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Circulating Short-Chain Fatty Acids Are Positively Associated with Adiposity Measures in Chinese Adults – Carolina Center for Population Aging and Health

Circulating Short-Chain Fatty Acids Are Positively Associated with Adiposity Measures in Chinese Adults

Citation

Wang, Yiqing; Wang, Huijun; Howard, Annie Green; Meyer, Katie A.; Tsilimigras, Matthew C. B.; Avery, Christy L.; Sha, Wei; Sun, Shan; Zhang, Jiguo; & Su, Chang, et al. (2020). Circulating Short-Chain Fatty Acids Are Positively Associated with Adiposity Measures in Chinese Adults. Nutrients, 12(7), 2127. PMCID: PMC7400849

Abstract

Epidemiological studies suggest a positive association between obesity and fecal short-chain fatty acids (SCFAs) produced by microbial fermentation of dietary carbohydrates, while animal models suggest increased energy harvest through colonic SCFA production in obesity. However, there is a lack of human population-based studies with dietary intake data, plasma SCFAs, gut microbial, and anthropometric data. In 490 Chinese adults aged 30–68 years, we examined the associations between key plasma SCFAs (butyrate/isobutyrate, isovalerate, and valerate measured by non-targeted plasma metabolomics) with body mass index (BMI) using multivariable-adjusted linear regression. We then assessed whether overweight (BMI ≥ 24 kg/m2) modified the association between dietary-precursors of SCFAs (insoluble fiber, total carbohydrates, and high-fiber foods) with plasma SCFAs. In a sub-sample (n = 209) with gut metagenome data, we examined the association between gut microbial SCFA-producers with BMI. We found positive associations between butyrate/isobutyrate and BMI (p-value < 0.05). The associations between insoluble fiber and butyrate/isobutyrate differed by overweight (p-value < 0.10). There was no statistical evidence for an association between microbial SCFA-producers and BMI. In sum, plasma SCFAs were positively associated with BMI and that the colonic fermentation of fiber may differ for adults with versus without overweight.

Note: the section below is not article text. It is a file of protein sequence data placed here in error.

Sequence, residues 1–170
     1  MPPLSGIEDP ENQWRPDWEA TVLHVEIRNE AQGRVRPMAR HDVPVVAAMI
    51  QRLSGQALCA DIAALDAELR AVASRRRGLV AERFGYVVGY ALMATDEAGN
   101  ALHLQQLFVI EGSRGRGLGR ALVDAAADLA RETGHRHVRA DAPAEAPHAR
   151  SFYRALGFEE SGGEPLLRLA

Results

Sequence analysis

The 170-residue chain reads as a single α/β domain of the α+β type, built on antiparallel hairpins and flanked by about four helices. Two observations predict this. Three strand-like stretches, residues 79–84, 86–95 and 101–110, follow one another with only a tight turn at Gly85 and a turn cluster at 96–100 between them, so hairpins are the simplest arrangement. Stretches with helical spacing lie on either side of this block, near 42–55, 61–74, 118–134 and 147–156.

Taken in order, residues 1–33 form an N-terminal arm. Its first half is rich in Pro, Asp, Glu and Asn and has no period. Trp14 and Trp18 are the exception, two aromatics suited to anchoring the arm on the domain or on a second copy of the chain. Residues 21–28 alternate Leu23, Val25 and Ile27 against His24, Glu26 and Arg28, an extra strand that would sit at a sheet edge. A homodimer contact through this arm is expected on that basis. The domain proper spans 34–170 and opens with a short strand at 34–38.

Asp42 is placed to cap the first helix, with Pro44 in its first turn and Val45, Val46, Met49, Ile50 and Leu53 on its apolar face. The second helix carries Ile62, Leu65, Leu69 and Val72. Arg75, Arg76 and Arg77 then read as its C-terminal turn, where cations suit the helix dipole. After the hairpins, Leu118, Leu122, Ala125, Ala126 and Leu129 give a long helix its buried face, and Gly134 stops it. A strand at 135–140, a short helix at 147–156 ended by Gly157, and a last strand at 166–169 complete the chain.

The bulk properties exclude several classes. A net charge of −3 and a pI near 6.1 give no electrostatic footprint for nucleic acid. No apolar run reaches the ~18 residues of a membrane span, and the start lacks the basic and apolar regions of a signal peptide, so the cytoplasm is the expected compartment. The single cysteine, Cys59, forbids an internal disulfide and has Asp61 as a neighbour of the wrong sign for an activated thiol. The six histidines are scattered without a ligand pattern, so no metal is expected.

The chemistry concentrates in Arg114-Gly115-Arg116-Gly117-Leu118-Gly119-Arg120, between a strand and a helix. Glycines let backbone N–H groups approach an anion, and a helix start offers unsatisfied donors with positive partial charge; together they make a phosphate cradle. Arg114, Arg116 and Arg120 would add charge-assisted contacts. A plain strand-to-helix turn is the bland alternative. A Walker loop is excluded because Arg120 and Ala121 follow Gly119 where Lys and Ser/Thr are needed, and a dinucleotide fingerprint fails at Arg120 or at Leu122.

URL

http://dx.doi.org/10.3390/nu12072127

Reference Type

Journal Article

Article Type

Regular

Year Published

2020

Journal Title

Nutrients

Author(s)

Wang, Yiqing
Wang, Huijun
Howard, Annie Green
Meyer, Katie A.
Tsilimigras, Matthew C. B.
Avery, Christy L.
Sha, Wei
Sun, Shan
Zhang, Jiguo
Su, Chang
Wang, Zhihong
Zhang, Bing
Fodor, Anthony A.
Gordon-Larsen, Penny

PMCID

PMC7400849

Data Set/Study

China Health and Nutrition Survey (CHNS)

Continent/Country

Nonspecific